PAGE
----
Monday, October 04, 2010

A "new" car -- the column

‘What kind of car do you want to get?’ my husband asked me.
I had no idea. Before our minivan met its untimely demise in early September, I hardly noticed other kinds of cars on the road. Who cared? A car was a car was a car … that is, until I didn’t have a car anymore.
Little cars, big cars, SUVs, Smart cars, hybrid cars, fancy cars, and really plain cars. Not only was I car-less, I was clueless about what to replace our car with.
Something shocking occurred to me as I started mentally car shopping. My husband already has a bigger car good for family vacations, and hauling Christmas trees and girl scouts, and our days of car seats and strollers are gone. I might not actually need another minivan.
Hold on a minute. No more minivan? A minivan is pretty much mom’s right hand. A minivan is the Swiss Army knife of cars. Cupholders, folding seats, seatbelts and storage galore -- minivan means mom. Mom means minivan. What’s a mom without her minivan?
Snap out of it, I told myself. You have to get a new car. Use your imagination!
I went the fantasy route first. If I didn’t need a minivan, how about a Mini Cooper? I could see myself zipping around town in a royal blue Mini with a British flag painted on the roof. Or how about a snappy BMW SUV? An eco-friendly Prius?
The girls started weighing in. A yellow VW slug bug, one said. With a sunroof! And the vase for a flower!
I’d hardly thought about car colors in years but now I couldn’t stop thinking about colors like bright red, sparkly green, mint blue, and icy white. And how about the insides -- leather, heated seats, computerized navigation with instructions from an English accented assistant, and a back-up camera!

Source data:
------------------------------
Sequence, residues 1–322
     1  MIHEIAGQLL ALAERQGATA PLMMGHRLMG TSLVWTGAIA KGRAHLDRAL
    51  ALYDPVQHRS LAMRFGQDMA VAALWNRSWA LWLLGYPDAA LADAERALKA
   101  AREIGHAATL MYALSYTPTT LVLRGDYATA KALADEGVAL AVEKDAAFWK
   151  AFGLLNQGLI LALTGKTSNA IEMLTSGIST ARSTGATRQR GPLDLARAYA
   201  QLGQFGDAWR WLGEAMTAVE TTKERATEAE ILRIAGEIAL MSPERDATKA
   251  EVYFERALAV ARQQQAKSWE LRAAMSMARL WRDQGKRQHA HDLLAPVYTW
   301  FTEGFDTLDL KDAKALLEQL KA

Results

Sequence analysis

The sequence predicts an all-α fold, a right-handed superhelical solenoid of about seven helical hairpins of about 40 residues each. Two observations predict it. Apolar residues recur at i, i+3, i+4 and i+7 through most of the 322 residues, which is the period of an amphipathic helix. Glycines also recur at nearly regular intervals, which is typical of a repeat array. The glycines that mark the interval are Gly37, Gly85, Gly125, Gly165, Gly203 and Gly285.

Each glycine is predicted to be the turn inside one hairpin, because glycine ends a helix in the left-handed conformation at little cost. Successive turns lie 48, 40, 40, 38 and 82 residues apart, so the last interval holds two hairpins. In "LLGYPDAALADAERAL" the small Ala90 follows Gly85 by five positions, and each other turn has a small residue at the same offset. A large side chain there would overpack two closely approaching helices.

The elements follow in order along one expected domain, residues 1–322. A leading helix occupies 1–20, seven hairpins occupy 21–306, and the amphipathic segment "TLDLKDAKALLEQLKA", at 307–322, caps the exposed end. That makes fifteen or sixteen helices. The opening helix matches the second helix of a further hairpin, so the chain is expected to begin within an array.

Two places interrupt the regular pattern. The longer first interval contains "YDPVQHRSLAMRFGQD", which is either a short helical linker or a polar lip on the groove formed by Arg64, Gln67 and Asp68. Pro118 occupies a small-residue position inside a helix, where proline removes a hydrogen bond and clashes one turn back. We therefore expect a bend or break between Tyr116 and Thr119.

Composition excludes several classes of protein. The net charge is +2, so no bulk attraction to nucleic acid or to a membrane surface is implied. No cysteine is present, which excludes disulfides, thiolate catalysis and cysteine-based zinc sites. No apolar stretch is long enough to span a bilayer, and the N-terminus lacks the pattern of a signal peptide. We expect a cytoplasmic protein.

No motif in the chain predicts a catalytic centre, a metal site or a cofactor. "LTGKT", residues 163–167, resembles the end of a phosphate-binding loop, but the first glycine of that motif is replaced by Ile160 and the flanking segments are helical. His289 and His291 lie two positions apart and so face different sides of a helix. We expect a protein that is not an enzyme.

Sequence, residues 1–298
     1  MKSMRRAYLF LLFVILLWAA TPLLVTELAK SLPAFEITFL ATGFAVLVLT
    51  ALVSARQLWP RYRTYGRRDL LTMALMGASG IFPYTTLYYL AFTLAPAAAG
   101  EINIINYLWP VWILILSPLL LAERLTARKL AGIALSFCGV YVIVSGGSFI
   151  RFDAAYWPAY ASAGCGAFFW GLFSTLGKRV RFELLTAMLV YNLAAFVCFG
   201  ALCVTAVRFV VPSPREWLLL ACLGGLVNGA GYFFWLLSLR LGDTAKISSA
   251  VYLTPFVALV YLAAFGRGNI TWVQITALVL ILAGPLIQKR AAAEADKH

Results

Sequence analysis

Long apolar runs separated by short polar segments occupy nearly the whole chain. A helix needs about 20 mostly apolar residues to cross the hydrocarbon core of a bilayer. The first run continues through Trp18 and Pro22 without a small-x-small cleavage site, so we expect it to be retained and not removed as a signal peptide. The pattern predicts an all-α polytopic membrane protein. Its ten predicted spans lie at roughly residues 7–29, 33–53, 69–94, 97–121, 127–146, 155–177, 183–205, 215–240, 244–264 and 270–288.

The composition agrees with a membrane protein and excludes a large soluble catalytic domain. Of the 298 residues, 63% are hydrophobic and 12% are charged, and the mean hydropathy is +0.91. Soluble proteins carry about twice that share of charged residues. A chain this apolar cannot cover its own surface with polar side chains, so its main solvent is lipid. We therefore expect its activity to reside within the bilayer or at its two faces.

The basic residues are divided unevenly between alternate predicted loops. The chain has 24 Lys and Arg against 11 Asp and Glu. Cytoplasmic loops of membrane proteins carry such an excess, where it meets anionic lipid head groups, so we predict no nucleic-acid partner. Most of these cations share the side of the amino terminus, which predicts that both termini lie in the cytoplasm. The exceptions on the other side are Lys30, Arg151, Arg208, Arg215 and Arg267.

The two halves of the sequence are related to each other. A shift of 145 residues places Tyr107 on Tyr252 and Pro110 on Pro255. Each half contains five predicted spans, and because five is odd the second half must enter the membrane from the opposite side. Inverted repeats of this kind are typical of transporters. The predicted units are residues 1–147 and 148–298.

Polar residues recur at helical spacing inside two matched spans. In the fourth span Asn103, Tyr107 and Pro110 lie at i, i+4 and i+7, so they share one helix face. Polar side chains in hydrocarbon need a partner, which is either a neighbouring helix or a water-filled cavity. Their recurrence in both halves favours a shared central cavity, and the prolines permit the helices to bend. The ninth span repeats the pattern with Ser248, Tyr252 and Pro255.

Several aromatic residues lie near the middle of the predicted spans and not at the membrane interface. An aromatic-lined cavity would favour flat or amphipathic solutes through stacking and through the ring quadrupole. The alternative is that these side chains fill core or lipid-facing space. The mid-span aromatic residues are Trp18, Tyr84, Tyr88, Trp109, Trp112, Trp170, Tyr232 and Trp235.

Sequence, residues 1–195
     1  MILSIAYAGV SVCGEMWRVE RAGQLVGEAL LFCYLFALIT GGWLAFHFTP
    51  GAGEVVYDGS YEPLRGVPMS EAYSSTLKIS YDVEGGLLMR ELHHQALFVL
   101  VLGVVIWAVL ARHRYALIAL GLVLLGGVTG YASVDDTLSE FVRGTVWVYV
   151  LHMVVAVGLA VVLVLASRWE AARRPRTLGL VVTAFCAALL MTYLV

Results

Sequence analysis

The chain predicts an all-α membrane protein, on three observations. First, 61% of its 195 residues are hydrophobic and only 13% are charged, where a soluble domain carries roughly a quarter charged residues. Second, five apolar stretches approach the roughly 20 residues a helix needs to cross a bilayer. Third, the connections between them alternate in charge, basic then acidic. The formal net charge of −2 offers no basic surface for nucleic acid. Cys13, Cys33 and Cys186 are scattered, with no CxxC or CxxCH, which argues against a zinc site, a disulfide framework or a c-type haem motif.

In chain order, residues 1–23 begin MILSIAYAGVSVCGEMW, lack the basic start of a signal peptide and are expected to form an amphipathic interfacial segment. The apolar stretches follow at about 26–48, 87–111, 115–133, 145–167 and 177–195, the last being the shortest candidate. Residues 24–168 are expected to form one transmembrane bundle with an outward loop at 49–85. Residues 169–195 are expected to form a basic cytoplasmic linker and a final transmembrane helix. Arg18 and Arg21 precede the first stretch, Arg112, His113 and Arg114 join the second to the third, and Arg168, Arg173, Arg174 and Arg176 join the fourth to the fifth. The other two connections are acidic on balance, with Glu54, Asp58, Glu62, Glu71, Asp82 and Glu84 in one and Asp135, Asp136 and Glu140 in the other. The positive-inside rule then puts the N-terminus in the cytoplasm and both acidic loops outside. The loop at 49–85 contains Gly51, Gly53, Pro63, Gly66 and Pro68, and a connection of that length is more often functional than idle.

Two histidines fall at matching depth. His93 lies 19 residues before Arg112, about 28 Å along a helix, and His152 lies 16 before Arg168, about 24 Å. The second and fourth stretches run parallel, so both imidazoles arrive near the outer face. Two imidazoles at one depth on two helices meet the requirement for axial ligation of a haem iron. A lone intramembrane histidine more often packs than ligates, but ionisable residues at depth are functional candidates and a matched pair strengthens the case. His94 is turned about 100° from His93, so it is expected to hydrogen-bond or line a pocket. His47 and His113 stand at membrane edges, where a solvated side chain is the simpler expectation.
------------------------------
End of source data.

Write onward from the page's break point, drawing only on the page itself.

Reality set in, meaning the car payment. Heading to Auto Row one Saturday afternoon we narrowed our list down to one or two smaller sized SUVs and four-door economy models.
I had no idea how high-tech cars had become since we bought the minivan in 2001. These days, cars are filled with computers that answer your phone for you, tell you who is and isn’t wearing a seatbelt and can probably order a pizza at the same time. It’s like driving a very expensive computer on four wheels.
As we arrived at the third dealership that the day. That’s when I saw her — a smaller wagon with a hatchback. Oooh, she was beautiful. Sparkly white with a tan interior. Low mileage. One previous owner. Within our price range. It was love at first turn of the key.
We drove her home that afternoon.
I forgot how much fun a new car is. It’s like having a new boyfriend or girlfriend. You want to spend all your time with her. You want to take her with you wherever you go. You look back at her when you walk away. You want to show her off to your friends. You take her to church on Sunday. You hope your parents approve of her.
The rest of the family is equally smitten.
‘Can you come pick me up?’ texted my daughter at high school. ‘And bring the new car?’
Our other daughter requested we drive through the school pick-up line instead of parking as usual.
I want my friends to see the new car, she said.
My husband asked to take her with him on a three-day business trip. I think it’s serious.
I still get a little sad when I see someone driving the same car as our old minivan, but I guess I’ll get over it eventually. You can take the minivan from the mom but you can’t take the mom from the minivan.

Surrendering to Motherhood appears every other Monday in the Napa Valley Register.

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